Reverend Father Peter Paul Kibuuka, the cooperative’s projects director says they were driven by the urge to undertake value addition in the coffee chain through which they would eventually address its underutilization and improve the earnings of the local farmers.
Greater Masaka Coffee Farmers’
Cooperative has ventured into coffee roasting to promoting the indigenous cash
crop and improve their incomes. Coffee roasting, encompasses a heat process
that turns green coffee beans into fragrant, dark brown beans. After roasting,
the crunchy beans are then ready to be ground and brewed.
The latest brand of locally
roasted ground coffee named Masaka Roasted and Grounded Robusta Coffee has been
unveiled during the cooperative’s exhibition held at Maria flo hotel in Masaka
town this weekend.
Reverend Father Peter Paul
Kibuuka, the cooperative’s projects director says that they were driven by the
urge for value addition in the coffee chain through which they would eventually
address its underutilization and improve the earnings for local farmers.
He says they undertook to roast coffee, as a viable venture that can potentially reduce the overall bulk of coffee sold
as raw material, but maintain its value both on the local and international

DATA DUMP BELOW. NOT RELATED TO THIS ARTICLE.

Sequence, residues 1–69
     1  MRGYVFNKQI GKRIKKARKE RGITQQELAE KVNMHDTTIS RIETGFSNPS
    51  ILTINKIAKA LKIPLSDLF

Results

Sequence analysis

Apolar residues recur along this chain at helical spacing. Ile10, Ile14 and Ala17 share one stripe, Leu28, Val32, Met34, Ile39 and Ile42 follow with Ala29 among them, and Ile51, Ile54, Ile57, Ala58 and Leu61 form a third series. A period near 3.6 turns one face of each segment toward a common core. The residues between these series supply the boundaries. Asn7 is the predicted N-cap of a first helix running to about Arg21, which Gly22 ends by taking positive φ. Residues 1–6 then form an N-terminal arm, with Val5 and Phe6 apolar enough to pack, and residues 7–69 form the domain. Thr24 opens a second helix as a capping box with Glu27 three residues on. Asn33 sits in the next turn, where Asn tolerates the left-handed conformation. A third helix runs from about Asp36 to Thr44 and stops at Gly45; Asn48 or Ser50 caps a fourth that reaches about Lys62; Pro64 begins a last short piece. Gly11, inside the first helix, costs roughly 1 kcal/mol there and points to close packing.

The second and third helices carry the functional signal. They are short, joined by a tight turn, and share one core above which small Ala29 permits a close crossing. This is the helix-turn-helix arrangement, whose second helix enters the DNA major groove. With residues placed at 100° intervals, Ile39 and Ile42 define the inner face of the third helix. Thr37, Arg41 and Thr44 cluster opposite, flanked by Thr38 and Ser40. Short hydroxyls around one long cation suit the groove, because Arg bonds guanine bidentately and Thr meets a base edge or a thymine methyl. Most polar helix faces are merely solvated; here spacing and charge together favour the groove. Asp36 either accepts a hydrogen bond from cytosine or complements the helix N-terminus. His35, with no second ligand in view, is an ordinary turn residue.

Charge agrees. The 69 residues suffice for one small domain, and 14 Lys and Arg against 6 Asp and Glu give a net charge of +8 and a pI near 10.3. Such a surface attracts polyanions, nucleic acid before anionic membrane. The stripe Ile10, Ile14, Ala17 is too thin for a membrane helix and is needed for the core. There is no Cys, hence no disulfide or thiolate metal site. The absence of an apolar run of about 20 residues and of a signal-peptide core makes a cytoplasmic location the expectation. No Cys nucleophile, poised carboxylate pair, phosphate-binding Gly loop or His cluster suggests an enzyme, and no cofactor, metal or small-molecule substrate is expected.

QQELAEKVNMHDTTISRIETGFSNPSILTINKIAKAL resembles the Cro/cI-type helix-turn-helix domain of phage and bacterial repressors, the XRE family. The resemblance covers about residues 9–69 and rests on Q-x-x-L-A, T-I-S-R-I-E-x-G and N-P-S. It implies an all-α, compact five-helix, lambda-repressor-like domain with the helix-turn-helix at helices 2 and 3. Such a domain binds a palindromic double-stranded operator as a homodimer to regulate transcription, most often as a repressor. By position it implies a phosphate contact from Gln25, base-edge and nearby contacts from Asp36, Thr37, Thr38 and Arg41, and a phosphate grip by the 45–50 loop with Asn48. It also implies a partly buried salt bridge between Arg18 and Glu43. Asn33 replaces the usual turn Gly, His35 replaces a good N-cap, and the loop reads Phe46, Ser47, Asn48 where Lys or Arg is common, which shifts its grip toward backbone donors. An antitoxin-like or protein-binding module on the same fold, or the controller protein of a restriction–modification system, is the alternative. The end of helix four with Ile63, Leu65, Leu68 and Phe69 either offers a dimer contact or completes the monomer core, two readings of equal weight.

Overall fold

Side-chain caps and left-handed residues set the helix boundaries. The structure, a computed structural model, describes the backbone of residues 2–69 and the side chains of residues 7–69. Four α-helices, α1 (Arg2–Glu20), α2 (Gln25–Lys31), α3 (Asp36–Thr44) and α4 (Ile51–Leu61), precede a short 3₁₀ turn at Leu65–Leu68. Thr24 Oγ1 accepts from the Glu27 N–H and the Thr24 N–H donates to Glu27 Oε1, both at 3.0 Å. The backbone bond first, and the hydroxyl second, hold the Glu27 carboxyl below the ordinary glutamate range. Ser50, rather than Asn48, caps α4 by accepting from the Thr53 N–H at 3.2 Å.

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Fr Kibuuka explains that they
also intend to use the product as another precursor for the revival of vibrant
coffee farmers’ cooperative societies, which largely boosted the social-economic status of the region several years ago.
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John Mark Tamale, the Cooperative’s
Board Secretary adds that besides making substantial direct earnings from
the project, they also intend to use it in promoting proper post-harvest handling
practices among farmers and to eliminate incidents of rejecting Uganda’s coffee
produce on the export market over quality concerns.
He says that Masaka Roasted and
Grounded Robusta Coffee has been already distributed to several outlets across
the country. They are now working on modalities of exporting it.
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The consumption rate of coffee in
Uganda is still so low, standing at not more than 5 per cent of the local
coffee production. Inspire Africa, a development agency that among other
things, promotes local coffee consumption projects a 10 per cent increase in local
consumption of coffee, which could earn Uganda 7.7 trillion Shillings (USD 2.3
billion) per year.
Figures at the Uganda Coffee
Development Authority-UCDA indicate that the country’s coffee production
capacity increased to at least 5.1 million 60-kg bags, up from 4.4 million bags